Sunday, June 19, 2011

Saturday June 18, 2011-Goshen Fairgrounds

Today was our day to visit the Heartland factory and the Motorhome/Recreational Vehicle Museum in Elkhart. Most of us rode buses to the factory but Stella and took our truck because we didn't want to go to the museum again. It was another nice day but not as cool as it has been.

Here is a small group of Heartlanders walking around several trailers that were out for us to go through near the factories on the grounds.

This is a new model that just came out, one of the Prowler models. Prowler was a Fleetwood trailer that was the #1 selling trailer brand for ten or eleven years in a row. When Fleetwood went under, Heartland bought the rights to all their brand names. It looks as if Heartland has another winner in the Prowler.

This is Kary Katzenberger, brand manager for the Landmark and Bighorn brands for Heartland. Kary and other brand managers and employees took us on the tours of the plant. Very interesting and informative.

In one of the very first steps in building a trailer, they start with a bare frame. The frame is turned upside down for the suspension and running gear to be installed and then it comes inside the building where the rest of the work is done.

Here you can see the framework and the tanks that have been installed. They don't allow tours during the working hours of the plants, and these people go to work about four o'clock in the morning and get off by three o'clock in the afternoon, so they get their time in and still have the afternoon to take care of their personal business.

Many Amish people work in these plants. We met one man a couple of years ago and learned that their religion does not allow them to own an automobile but they can ride in someone else's car. Some groups of Amish are allowed to own and drive cars, so they come around and pick up the others to take them to work. Interesting lifestyle.

Here is the decking of a new trailer. The tanks, wiring, piping, insulation and other materials have been installed and the laminated deck installed over all that. You can see that a lot of insulation is used in the floor. I guess thats one reason that the floors are so solid in our trailers.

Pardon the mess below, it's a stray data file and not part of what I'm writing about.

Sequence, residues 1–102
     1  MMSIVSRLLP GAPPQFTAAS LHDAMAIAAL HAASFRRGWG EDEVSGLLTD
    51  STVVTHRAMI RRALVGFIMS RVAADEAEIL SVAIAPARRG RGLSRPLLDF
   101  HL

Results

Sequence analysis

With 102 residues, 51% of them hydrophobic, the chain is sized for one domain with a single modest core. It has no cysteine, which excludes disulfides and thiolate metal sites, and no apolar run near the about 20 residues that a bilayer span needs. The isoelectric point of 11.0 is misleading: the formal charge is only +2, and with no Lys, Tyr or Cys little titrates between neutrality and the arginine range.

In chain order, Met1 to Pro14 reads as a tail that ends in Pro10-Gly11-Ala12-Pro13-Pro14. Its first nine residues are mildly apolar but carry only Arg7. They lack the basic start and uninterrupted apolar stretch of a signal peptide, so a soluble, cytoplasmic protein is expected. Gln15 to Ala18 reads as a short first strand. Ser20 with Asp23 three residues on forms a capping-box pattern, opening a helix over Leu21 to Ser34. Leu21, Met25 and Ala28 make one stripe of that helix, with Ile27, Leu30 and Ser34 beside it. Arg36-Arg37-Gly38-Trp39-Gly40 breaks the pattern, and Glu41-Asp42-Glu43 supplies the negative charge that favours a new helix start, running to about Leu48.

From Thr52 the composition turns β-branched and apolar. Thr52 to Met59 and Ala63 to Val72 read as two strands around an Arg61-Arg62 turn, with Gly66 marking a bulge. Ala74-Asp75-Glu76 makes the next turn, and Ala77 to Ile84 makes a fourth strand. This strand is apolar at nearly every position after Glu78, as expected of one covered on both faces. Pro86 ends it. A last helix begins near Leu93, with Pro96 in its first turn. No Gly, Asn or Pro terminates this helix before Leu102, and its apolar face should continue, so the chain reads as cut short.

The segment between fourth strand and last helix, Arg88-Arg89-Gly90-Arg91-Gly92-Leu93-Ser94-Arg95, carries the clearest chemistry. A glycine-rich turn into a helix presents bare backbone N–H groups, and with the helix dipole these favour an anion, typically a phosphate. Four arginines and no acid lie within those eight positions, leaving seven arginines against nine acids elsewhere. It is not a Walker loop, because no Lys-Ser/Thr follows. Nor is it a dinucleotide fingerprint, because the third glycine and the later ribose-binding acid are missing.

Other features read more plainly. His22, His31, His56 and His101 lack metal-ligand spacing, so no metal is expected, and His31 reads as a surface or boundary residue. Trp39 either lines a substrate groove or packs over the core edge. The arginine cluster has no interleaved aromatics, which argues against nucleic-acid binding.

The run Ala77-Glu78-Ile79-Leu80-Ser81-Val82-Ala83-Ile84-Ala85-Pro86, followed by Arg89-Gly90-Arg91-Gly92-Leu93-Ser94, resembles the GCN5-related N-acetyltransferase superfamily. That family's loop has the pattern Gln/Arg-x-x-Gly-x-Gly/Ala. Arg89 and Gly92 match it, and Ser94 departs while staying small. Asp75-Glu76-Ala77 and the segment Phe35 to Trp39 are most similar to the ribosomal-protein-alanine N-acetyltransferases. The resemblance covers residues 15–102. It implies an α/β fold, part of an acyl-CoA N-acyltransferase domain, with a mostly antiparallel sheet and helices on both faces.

The carpet and linoleum has been laid in place. The angled strip that you see is a part of the slide-out. The slide goes over this strip, which lifts it up as it glides in.

They are starting to install the cabinets in this trailer. Much easier to install now than to wait until the walls are in place! There will be steps installed to the right of the cabinets to go up into the bathroom and bedroom.

This is a laminated roof of a new trailer. The openings are for skylights or air conditioning units that will be installed further down the line.

After completing the plant tour, about four hundred of our friends gathered in a new plant building that we used for our lunchroom. We had burgers and brats for lunch today. It was a great time with other Heartland owners. I would urge anyone that didn't get to go this year to try to plan a trip to our next "homecoming" rally in Goshen in 2013. It's well worth the trip.

Brian Brady, President and CEO of Heartland spoke to us for a long time before taking questions from the floor. We met him in 2009 when we attended our first rally here and were very impressed with him. He insisted that everyone call him Brian instead of Mr. Brady.

We returned to the fairgrounds and hung out and relaxed for a bit while many of the others went to the Motorhome/RV Hall of Fame and Museum. I later learned that Jim had to send some of the buses that he had reserved back because so many people decided to drive their own vehicles and thats too bad. I wish we as a group had let him know so that he didn't have to spend the money on the buses, but I guess we all learned something here and the next rally will be better for it.

We later went to our last get-together. We had a good catered meal that all enjoyed. You might be wondering how 450 people got fed and I'll tell you. We had two lines of food on either end of the hall. People could go on both sides of the tables to fill their plates. Then each table (eight people to a table) was given a number which were drawn, with two tables being given the same numbers. That way, when your table number was called, there were two tables being fed on either end of the room. It may sound confusing but it worked. 450 people were served in about 30-45 minutes.

We had some great entertainment after the meal. A man named Dave Tressell, who is a hypnotist, had about 15 volunteers come up. He hypnotized them and it was hilarious! I got some video of it but I'll have to attach it to another entry. I don't want this one to be so long and need to get it posted. It will be worth it, so check back here and I'll post it later.

So long.

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